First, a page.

Video interview questions

The questions you ask in an online interview can follow the same framework as a face to face interview. In the time you have, you want to understand your interviewee’s relevant experience, job history, key skills and what makes them tick in terms of their working style and how they might fit into the wider team.

Questions to ask when video interviewing a candidate

“Tell me about your experience and why it’s a fit for this role”.

This question is a simple way to check the candidate understands the role requirements and has thought about how their skillset is a relevant fit for it. Listen out for them using keywords from the job description to highlight how their experience makes them a good fit for the role.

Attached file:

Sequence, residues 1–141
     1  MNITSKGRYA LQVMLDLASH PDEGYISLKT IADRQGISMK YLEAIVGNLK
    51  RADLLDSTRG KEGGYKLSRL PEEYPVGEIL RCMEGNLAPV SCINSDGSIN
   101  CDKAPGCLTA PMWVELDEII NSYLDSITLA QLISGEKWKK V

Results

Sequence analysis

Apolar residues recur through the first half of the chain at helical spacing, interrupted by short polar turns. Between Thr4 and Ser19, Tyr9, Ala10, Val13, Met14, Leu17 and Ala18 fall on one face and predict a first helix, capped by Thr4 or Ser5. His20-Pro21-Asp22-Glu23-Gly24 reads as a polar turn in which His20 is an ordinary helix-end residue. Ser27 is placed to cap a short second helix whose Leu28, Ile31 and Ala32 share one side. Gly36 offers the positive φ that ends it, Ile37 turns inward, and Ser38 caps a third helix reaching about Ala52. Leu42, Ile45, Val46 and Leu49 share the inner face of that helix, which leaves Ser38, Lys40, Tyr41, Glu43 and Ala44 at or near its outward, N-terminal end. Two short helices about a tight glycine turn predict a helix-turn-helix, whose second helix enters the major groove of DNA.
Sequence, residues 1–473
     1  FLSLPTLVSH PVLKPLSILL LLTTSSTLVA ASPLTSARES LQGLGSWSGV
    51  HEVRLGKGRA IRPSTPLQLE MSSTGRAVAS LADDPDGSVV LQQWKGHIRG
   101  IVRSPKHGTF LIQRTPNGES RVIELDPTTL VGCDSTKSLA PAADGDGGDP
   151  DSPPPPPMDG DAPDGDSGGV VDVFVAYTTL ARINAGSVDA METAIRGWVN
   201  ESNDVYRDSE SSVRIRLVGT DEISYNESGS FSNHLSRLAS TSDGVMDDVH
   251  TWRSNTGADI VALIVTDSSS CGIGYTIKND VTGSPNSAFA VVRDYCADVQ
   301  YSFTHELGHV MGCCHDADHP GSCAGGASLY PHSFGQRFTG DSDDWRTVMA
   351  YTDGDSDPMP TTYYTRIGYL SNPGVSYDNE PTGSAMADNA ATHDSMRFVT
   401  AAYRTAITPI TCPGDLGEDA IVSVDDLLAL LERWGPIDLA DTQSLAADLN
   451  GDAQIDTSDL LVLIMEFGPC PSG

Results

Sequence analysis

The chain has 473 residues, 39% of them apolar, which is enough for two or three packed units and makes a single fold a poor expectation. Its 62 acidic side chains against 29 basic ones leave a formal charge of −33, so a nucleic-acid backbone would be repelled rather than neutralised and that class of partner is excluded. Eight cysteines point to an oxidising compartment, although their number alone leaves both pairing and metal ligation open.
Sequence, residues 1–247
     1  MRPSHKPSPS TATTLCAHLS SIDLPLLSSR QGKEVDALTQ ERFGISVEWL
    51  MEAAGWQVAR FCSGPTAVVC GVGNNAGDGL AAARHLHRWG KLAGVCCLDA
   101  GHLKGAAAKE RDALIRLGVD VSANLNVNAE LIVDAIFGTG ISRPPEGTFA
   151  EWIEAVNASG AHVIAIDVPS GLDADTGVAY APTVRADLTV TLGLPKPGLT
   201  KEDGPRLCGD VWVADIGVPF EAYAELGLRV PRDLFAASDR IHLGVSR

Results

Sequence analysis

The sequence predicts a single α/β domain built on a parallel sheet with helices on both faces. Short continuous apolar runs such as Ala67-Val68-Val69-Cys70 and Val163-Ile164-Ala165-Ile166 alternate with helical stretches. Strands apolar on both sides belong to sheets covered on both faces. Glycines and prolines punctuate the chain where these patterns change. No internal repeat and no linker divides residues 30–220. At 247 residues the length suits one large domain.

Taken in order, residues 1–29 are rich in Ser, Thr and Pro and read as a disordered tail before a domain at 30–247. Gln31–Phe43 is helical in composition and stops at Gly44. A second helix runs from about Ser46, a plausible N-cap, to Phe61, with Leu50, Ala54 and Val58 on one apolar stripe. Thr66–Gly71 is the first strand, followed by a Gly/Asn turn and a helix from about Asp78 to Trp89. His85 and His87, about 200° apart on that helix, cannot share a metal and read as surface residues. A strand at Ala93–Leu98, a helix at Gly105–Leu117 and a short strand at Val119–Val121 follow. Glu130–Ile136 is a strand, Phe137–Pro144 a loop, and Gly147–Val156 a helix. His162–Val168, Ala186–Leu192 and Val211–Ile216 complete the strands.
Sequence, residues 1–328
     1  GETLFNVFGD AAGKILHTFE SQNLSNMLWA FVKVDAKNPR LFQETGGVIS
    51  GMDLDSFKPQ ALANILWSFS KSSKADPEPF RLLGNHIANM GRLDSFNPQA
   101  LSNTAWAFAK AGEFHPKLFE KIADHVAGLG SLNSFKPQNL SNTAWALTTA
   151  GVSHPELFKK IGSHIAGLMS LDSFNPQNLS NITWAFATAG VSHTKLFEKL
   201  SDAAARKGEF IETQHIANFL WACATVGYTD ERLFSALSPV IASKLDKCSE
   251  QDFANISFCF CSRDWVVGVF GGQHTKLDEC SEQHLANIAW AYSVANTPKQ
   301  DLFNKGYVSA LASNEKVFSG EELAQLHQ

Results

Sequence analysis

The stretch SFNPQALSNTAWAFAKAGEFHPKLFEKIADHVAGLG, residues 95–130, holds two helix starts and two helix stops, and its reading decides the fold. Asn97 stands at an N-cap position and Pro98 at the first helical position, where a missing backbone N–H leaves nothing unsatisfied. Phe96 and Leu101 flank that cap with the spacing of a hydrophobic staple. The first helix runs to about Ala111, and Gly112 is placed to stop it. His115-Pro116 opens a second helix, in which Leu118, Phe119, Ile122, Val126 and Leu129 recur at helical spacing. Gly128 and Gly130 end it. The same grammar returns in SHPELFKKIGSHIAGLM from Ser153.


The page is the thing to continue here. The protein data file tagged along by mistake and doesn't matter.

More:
“Tell me about a time you solved a difficult problem”.

This question gives you insight into how your potential employee’s critical thinking and problem solving. Look out for a clear answer that sets out the context, who was involved, what the issue was, why it needed resolving and how it was resolved.

“Tell me about a time you persuaded someone to get on board with your idea, or way of thinking”.

This question is about how a candidate gets buy-in and structures an argument to get a colleague, or senior member of staff, on side. In their answer, look out for how they might have adapted their approach depending on who was involved in their discussions.

“What’s your preferred way of working?”

This question is a good way to establish how a candidate goes about their work, their preferred way of learning and working on tasks, both independently and as part of a team. It’s also an opportunity for you to share any flexible or remote working offerings your business has.

“How do you want to work alongside your manager?”